A judge in a lawsuit against SunTrust Banks Inc., M&T Bank Corp., and two other banks ruled customers can file lawsuits against the banks rather than having to file an arbitration. The judge ruled that a Supreme Court decision on arbitration agreements involving AT&T—in which the Supreme Court ruled companies can force arbitration agreements on customers—must be applied individually to each case, meaning that customers of the banks involved in the fee lawsuit are not forced to file an arbitration.
In making his decision, the judge found that arbitration agreements for the banks involved in the lawsuit are "unconscionable" and unenforceable. According to Bloomberg News (09/07/11), lawsuits filed against the banks alleged the financial firms reordered debit card transactions to increase profits made off overdraft fees. More than 30 banks face lawsuits alleging they have unethical overdraft fees policies.
READ MORE BANK OVERDRAFT FEE LEGAL NEWS
The new regulations from Congress, enacted in 2010, did not set a cap on overdraft fees. This means that customers who go as little as $1 into overdraft could still trigger a $34 overdraft charge. Banking regulations passed last year forced banks to ask customers to opt-in for overdraft protection, rather than automatically allowing it. But they did not address reordering of transactions. Some banks, facing lawsuits about the practice, have voluntarily agreed to stop reordering transactions.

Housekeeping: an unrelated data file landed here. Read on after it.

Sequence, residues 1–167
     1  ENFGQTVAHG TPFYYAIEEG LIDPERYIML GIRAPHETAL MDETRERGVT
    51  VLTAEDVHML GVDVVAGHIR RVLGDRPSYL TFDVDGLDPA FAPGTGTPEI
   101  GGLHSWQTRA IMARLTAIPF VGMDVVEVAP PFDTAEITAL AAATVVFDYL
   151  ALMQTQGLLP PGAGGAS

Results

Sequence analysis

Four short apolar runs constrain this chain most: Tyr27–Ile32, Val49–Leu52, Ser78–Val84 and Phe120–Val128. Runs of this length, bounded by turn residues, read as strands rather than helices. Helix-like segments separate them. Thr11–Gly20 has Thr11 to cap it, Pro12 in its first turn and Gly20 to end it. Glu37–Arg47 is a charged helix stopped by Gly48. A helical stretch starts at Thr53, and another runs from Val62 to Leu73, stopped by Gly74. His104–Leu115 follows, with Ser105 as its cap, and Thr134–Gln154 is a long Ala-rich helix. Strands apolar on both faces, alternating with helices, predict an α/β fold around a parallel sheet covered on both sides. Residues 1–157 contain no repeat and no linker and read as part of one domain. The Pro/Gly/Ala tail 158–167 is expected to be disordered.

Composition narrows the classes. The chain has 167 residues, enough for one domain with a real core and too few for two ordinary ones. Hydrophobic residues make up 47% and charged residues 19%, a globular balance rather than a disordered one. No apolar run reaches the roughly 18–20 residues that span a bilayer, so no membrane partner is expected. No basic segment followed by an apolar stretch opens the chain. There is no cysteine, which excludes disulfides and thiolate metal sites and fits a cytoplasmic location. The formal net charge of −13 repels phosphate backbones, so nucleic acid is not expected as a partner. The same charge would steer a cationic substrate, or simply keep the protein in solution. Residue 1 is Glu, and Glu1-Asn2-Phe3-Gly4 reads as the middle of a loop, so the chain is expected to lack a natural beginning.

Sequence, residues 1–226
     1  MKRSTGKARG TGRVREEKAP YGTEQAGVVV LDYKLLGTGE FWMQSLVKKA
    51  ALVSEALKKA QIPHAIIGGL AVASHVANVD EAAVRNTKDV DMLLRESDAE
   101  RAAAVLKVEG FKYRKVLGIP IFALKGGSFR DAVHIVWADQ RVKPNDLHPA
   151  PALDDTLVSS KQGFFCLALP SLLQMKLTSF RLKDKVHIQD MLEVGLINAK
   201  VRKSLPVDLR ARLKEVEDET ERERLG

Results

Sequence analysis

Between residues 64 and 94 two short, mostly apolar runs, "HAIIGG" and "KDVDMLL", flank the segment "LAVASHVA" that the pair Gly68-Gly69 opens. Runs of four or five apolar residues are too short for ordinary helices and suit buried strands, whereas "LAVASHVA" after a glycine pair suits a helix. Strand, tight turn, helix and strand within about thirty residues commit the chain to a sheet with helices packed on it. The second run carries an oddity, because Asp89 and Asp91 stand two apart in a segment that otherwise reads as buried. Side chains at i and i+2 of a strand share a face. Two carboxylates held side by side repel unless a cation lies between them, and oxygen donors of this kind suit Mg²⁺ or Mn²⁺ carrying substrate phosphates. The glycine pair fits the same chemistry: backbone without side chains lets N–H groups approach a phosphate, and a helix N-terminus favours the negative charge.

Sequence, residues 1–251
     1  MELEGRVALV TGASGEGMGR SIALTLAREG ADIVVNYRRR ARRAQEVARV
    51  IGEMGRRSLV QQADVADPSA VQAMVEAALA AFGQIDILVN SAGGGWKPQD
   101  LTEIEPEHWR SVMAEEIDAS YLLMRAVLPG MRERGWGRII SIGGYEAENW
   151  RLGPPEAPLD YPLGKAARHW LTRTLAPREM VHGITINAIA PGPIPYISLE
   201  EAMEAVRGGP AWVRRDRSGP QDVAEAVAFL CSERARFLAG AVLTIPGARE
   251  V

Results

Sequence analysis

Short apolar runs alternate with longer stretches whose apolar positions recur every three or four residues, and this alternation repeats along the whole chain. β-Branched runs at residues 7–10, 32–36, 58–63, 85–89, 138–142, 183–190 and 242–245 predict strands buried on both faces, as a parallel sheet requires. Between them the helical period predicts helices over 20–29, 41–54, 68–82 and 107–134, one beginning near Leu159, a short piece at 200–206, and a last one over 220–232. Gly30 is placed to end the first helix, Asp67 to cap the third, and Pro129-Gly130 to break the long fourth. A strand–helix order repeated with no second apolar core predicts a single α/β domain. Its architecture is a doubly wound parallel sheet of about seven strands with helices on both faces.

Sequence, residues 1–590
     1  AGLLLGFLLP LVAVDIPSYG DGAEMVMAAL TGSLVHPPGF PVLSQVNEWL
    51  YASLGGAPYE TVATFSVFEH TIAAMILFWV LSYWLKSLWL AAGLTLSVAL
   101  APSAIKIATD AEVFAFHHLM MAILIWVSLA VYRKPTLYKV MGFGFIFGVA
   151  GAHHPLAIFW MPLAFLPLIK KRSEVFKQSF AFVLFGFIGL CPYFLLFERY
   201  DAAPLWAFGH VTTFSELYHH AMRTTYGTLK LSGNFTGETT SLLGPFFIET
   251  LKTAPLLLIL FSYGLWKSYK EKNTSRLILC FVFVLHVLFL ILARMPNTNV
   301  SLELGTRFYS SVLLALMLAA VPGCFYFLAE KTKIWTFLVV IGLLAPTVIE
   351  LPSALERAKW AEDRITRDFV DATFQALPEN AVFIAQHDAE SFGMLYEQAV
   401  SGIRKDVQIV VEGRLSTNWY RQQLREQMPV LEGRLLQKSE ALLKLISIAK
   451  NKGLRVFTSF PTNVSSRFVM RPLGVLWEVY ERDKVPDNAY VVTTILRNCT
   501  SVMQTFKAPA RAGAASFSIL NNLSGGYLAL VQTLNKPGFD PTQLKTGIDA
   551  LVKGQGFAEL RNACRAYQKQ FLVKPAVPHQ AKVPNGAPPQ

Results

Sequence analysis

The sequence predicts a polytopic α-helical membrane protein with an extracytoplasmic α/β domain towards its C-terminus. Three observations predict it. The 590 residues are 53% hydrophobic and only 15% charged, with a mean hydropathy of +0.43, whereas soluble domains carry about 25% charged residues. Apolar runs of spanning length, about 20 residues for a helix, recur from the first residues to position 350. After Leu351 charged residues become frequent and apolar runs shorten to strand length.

Earlier this year, Bank of America agreed to pay $410 million to settle its part of a class-action lawsuit alleging banks reordered debit transaction to increase profits.